USA 1994
CAST: John Travolta, Uma Thurman, Bruce Willis, Samuel L. Jackson, Harvey Keitel, Tim Roth, Amanda Plummer, Maria Medeiros, Christopher Walker
ONE WORD: Nicely written and fun, but over rated film.

This is not a bad film. The conceptualization that went into it, makes for an interesting film. A bunch of drugged out gone wrong generation that grew up in violent Hollywood material, lives their fantasies and does not separate it from the reality. But, unlike the other film which was a blatant social attack, this one takes on a more personal attitude, that the characters themselves are the ones really mixed up, be it through the drugs or not.

This creates a film that is, pardon the pun from the sixties, "on acid", with the exception that it is deadly in the hands of a few people who have a job to do.

The story is loose, and not clear, a mild comment on a generation that really had as much direction, and they do guilt nowadays for having gotten stoned. It was all about the drugs and the I, in it, and not much else. This is the ugly side of the sixties generation of love and peace. The side that was not considered bad, if you were on the establishment side.

But there are things that make this film wake up, and come off weird, and entertaining. The characterizations are all eccentric and difficult to follow, but entertaining to watch. They do not do things predictably, as most films about cops, robbers, good guy and bad guys stories. They are not predicable at all. Instead of reacting, and getting shot, the characters enter into a catharsis, and begin exploring their own thinking, however unusual, highlighted by Samuel L. Jackson's monologue towards the end, a sort of Zen meets acid routine, that turns benevolent, though it has been deadly since the beginning of the story.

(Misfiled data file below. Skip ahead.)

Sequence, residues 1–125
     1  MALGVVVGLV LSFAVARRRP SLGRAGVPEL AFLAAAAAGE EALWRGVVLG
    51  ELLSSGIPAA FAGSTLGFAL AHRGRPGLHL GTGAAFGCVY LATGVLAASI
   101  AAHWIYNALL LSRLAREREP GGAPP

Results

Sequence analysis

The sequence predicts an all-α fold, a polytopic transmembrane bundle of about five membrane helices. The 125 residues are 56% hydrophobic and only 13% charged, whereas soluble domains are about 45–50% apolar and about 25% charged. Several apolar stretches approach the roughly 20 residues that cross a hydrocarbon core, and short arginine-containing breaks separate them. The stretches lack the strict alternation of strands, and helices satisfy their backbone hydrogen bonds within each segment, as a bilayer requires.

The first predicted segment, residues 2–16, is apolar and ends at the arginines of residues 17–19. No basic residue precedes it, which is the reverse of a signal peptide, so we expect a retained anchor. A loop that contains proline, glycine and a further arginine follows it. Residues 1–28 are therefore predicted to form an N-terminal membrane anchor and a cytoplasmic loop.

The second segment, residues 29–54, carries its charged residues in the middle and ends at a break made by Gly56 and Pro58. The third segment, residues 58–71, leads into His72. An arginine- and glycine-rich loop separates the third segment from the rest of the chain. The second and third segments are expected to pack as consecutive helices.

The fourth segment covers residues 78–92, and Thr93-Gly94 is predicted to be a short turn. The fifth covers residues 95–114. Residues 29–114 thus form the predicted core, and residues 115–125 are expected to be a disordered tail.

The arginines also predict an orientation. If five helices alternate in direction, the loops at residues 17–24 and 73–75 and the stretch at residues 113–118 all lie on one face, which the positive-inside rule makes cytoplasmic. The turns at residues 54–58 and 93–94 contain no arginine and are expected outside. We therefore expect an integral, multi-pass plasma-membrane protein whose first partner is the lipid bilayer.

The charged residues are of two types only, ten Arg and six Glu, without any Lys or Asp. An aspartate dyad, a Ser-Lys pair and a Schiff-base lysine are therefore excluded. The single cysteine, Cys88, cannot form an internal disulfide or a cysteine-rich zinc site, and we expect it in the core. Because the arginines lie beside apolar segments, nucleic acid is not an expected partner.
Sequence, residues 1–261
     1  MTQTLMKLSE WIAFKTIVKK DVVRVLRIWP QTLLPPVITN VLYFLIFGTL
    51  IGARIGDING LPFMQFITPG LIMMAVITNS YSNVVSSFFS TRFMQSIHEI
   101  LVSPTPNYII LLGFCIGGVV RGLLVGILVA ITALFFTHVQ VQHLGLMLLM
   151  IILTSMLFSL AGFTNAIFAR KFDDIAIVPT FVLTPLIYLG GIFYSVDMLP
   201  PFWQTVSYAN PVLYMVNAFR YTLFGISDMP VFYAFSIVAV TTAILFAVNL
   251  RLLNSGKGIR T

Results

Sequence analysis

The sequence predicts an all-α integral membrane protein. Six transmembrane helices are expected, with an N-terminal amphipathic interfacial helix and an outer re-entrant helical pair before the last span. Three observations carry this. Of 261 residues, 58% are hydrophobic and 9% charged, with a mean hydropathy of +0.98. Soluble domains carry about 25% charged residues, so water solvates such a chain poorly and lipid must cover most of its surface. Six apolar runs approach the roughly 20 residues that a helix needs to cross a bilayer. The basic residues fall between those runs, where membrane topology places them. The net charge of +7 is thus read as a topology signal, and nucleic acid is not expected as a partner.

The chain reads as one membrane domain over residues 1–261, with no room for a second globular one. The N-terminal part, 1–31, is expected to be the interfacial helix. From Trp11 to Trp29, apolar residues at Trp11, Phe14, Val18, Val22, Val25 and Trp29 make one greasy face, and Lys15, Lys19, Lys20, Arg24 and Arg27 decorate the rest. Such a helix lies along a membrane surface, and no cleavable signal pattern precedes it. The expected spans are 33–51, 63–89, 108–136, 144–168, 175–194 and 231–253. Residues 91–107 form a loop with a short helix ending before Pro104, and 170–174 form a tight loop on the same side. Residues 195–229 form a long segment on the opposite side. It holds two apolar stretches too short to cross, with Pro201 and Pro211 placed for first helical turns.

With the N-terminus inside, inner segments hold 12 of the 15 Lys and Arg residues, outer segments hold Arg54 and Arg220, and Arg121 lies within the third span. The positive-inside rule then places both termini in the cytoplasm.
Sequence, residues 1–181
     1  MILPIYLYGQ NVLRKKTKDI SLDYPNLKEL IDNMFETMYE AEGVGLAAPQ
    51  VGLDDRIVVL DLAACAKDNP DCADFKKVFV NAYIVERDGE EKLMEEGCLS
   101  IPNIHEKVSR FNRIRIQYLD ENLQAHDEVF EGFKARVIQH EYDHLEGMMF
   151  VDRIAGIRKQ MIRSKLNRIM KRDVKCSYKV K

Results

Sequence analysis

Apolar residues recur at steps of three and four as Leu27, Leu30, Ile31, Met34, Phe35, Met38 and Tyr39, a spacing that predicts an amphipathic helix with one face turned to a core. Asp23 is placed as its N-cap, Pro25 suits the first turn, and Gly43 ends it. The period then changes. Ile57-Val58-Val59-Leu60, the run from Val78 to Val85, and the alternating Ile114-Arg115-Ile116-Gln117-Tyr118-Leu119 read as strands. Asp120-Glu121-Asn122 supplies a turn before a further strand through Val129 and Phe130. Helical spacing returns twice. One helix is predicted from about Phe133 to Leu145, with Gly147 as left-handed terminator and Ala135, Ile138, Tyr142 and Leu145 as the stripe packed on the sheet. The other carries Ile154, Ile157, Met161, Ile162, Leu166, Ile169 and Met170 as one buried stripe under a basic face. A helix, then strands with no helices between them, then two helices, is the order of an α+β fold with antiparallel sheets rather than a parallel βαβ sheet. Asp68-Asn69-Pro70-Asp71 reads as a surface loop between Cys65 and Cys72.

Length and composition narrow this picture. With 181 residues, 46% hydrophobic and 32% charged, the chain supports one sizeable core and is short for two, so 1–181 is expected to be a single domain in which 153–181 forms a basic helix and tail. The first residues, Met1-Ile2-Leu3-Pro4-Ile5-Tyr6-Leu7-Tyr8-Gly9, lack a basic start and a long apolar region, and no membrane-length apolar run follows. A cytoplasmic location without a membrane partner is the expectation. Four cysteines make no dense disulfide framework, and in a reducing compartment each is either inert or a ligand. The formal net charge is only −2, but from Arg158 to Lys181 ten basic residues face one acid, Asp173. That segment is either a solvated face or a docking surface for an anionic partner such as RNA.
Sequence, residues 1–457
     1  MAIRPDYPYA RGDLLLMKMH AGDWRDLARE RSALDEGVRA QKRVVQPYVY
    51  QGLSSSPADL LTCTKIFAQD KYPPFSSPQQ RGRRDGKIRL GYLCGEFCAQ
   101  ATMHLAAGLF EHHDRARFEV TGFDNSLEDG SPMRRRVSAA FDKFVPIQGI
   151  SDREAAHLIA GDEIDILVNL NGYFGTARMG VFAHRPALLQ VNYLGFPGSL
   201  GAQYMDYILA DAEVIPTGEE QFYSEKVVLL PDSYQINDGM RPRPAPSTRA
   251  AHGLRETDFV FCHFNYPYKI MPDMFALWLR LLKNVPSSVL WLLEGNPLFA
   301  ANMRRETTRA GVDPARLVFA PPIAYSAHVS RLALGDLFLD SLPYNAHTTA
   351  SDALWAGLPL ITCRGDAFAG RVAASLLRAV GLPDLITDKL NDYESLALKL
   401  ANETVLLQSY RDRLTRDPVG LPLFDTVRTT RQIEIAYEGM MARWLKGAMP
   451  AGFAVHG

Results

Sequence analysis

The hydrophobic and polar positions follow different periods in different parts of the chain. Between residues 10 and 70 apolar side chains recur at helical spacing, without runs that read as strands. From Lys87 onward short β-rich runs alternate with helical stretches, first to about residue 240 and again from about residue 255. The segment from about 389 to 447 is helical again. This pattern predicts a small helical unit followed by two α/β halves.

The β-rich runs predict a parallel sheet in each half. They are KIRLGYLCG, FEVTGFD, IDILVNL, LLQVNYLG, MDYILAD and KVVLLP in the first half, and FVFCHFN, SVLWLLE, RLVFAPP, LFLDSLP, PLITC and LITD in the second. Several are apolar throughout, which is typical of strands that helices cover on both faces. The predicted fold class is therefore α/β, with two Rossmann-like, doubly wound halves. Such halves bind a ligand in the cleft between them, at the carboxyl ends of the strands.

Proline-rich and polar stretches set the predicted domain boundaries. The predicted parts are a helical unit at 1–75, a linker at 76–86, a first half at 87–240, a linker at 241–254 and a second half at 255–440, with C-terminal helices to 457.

It is hard to fight the glow this film generated with its period music, clever design, and well thought out costumes. Vincent finally finds a girl he can get along with, even if she is attached to a boss he is out to undo, thus adding to the danger of the situation, he is often involved in. But so what, another streak of coke, and who cares. This is the film's attitude throughout, and something that many of us from that generation might have liked to see, but could never accept, or follow up on. We were the children of a religiously inclined people, and when this film dismantles the mythology of the past, and creates something new, the ones who suffer is us, the audience, who may have liked to have a little more fun, at a certain time, but didn't, because we either felt guilty, or had too much peer pressure, not to go for it. This is the main appeal of the film. This reviewer says, so what.?

While Tarantino's point is clear, his characters are not frustrated and they are living their views and dream, or so it seems. The odd couple that barely escapes their death because they came across a real performer instead of another hacker, got lucky because the girl had to go to the bathroom, and the performer was out to lunch with his mind, trying to figure out the Zen of living with his thoughts.

But PULP FICTION is a very enjoyable film. It is indulgent, but not for all the reasons we are used to, and this creates an entertaining avenue for many of us. The cast is good, in a bunch of roles that are not well defined, but obviously require each actor to play it out to the best of their intuitive minds, which most of them seem to do with relish, which is a requirement to make this type of satire work. And it does work, helping the film be nominated for many awards as it did. It is deserving of them, mainly because it is difficult to maintain a consistency in these kinds of things, let alone do them. Quentin Tarantino succeeds, doing what Oliver Stone could not do.

There is one other thing about this film. In many ways, and not so subtle, this film is a nice thank you to Jean Luc Godard and his film making, with one exception, because Quentin Tarantino personifies Hollywood, he can not do something as frivolous and out there as Jean Luc Godard can do, and this extreme is the only thing missing. Uma Thurman is a carbon copy of Anna Karina, complete with hairdo, and her attitude is similar in some of Jean Luc's films, but other than the don't give a darn and playfulness with which all characters do their thing, the similarities end there. It probably would be more fun to see Quentin Tarantino let all hang out in a smaller film with no budget so he could bust out the film conventions that he knows he wants to play with ... but can't. And this is all that is missing in this film ... you get some fun, but ... you quickly sense that ... something is missing.

Fun film to watch, with great music.



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